Perhaps this is a moment of emerging-from-COVID euphoria. Perhaps it’s the mash-up of opportunity in front of us, composed of innovation-out-of-extreme-disruption, coupled with unprecedented attention to social justice, propelled by once-in-a-lifetime federal investment in education… all at a time of rapidly advancing knowledge about what public schools really could be—and how they can transform to get there. All I know is: working alongside so many gifted, impatient visionaries—including so many of you, reading this announcement—to reimagine public education has felt like the privilege of a lifetime. As NGLC turns the corner into its second decade, with spectacularly audacious plans we’ll broadcast later in the year, doing this work as co-director alongside Carlos Beato and the team at NGLC (and, most importantly, all of you) fills me with excitement and something I can only describe as hope.

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Carlos Beato, Co-Director, NGLC
(as of July 6, 2021)

"What will come next will be shaped by the perspective of many..."

Unlike 99% of my family and those I grew up around in the neighborhood of Mount Hope in the South Bronx, I have always been somewhat of a rebel. This did not come out of nowhere. Early on, I came to understand my place in this world, or at least what others had already preemptively said that I would amount to be. My zip code determined that I’d go to some of the worst schools in New York City. My classification as an English language learner allowed others to see me from a deficit perspective, and my status as an undocumented immigrant was a reminder that I was an “alien” and that opportunities would not be available to me in the same ways as students from more affluent backgrounds.

There were two defining moments in my life that I look back to that led to my personal rebellion. The first was in elementary school in my first year in a monolingual classroom when my teacher was walking around handing out applications for a specialized middle school. She walked right by me and I was made to feel that I was not worthy of such an opportunity. Later, I came to understand that my English scores on the standardized exam were probably too low to even be considered for placement. Out of there grew my passion for innovation and my seeking of student-centered learning approaches that challenge these very notions of the traditional understanding of what kids know. The second turning point was in middle school when I was called into the counselor’s office to be told that I was the salutatorian in the graduating class. This was the first time that I felt like I could be something in life and that by surrounding myself with caring individuals I could empower myself to be the best version of myself.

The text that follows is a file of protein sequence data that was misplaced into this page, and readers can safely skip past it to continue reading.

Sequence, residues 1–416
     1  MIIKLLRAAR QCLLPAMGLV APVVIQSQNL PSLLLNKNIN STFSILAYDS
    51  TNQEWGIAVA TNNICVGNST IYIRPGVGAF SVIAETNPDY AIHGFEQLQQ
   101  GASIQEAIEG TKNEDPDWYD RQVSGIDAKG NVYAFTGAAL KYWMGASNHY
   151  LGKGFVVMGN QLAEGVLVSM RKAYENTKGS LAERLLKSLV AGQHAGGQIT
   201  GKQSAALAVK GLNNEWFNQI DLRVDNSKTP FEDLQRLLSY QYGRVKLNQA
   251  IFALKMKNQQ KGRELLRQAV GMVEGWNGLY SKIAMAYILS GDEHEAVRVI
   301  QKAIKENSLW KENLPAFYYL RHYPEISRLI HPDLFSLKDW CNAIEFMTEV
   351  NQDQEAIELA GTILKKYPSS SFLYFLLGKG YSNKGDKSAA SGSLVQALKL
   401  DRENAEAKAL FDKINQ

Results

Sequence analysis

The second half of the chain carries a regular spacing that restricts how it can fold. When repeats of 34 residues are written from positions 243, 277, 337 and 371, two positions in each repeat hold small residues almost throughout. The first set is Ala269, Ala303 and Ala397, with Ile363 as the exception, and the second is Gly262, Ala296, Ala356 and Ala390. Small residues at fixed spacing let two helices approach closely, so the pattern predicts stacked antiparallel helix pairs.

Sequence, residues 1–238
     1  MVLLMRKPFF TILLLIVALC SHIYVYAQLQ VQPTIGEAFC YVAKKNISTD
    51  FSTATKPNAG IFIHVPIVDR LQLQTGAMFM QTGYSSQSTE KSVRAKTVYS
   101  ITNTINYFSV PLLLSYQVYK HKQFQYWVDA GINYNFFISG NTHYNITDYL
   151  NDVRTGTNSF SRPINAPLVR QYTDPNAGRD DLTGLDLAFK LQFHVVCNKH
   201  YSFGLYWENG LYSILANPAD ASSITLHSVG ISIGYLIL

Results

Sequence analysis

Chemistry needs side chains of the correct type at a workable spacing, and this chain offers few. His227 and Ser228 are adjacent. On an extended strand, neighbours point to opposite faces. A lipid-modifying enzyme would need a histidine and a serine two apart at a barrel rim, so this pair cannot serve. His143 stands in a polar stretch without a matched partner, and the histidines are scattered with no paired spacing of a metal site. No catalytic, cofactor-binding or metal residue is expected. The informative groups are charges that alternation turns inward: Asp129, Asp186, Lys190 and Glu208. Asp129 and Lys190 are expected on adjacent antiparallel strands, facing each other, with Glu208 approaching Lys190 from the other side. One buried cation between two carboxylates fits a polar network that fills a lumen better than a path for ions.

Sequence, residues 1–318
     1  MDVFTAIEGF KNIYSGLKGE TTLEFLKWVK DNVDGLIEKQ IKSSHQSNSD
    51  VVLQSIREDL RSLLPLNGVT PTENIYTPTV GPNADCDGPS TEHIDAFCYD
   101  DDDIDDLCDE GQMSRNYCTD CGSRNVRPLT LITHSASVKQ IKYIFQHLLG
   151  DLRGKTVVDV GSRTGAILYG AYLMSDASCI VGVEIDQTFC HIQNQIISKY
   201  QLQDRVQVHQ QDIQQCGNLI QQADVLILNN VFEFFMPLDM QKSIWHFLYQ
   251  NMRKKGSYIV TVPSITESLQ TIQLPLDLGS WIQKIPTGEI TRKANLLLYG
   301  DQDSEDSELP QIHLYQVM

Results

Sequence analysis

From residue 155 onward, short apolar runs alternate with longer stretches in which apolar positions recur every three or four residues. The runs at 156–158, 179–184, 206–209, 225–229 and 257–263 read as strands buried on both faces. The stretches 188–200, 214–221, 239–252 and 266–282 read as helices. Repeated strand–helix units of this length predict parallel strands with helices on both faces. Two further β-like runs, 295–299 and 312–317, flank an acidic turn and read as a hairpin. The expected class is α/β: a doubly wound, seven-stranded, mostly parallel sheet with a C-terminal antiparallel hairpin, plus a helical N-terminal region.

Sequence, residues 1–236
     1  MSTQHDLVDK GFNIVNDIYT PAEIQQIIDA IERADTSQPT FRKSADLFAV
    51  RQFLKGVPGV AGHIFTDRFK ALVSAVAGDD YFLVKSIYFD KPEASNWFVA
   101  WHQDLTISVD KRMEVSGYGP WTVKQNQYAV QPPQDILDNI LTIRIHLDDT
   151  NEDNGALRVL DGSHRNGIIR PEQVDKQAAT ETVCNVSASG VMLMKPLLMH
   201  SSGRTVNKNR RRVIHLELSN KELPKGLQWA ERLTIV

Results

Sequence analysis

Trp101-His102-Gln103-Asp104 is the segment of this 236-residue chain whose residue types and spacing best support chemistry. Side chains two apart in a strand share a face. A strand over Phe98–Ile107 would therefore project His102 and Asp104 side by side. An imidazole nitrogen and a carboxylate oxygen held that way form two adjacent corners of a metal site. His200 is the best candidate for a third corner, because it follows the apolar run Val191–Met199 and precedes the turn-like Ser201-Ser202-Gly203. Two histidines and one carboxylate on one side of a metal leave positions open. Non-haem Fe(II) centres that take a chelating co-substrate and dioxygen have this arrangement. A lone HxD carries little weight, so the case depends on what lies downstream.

Now, could you imagine a moment in our lifetime where all kids could attend schools where they could be the best version of themselves? Where they could present mastery of competencies learned in school in a way that makes sense for them? Where they could personalize their experience based on their interests? These overarching questions are why I decided to join NGLC.

What will come next will be shaped by the perspective of many, as we construct an organization that truly represents the world we live in and the students we serve. As we move into this next generation of transformational design, we are looking to continue to improve on the practices that have already been successful while narrowing our focus as an organization. In integrating more of the voices of the students and school communities we serve, we will build an organization that is more culturally responsive and anti-racist. We will be able to further prepare the ed leaders, teachers, and staff we work with to create the schools that they dream of and where kids will feel successful highlighting their learning journeys, all the while mastering 21st-century competencies. And while the work we do may look a little different moving forward, at its core NGLC has always been and will always be about student-centered learning.

I know the power of NGLC lies in the community it represents and the inspiring work that all of you are engaged in. I can’t wait to meet you, to learn about everything you’re doing, and to join Team NGLC in supporting and expanding that great work.

In the essay, "Unearthing Hidden Gems in an American Public High School: A Three-Pronged Approach to Meeting the Needs of Diverse Students," Carlos Beato and co-author Daniel Sass describe the mastery-based, trauma-informed, restorative practices at International High School at Langley Park through compelling stories of the students the school is designed for.


Learn more about Carlos Beato on the NGLC Staff page. Find Carlos on Twitter @BeatoDr. And as of July 6, you will be able to reach Carlos at cbeato at nextgenlearning dot org.

Photo at top: Carlos Beato, with the champion soccer team of International High School at Langley Park, Prince George’s County Public Schools in Maryland. (Courtesy of Carlos Beato)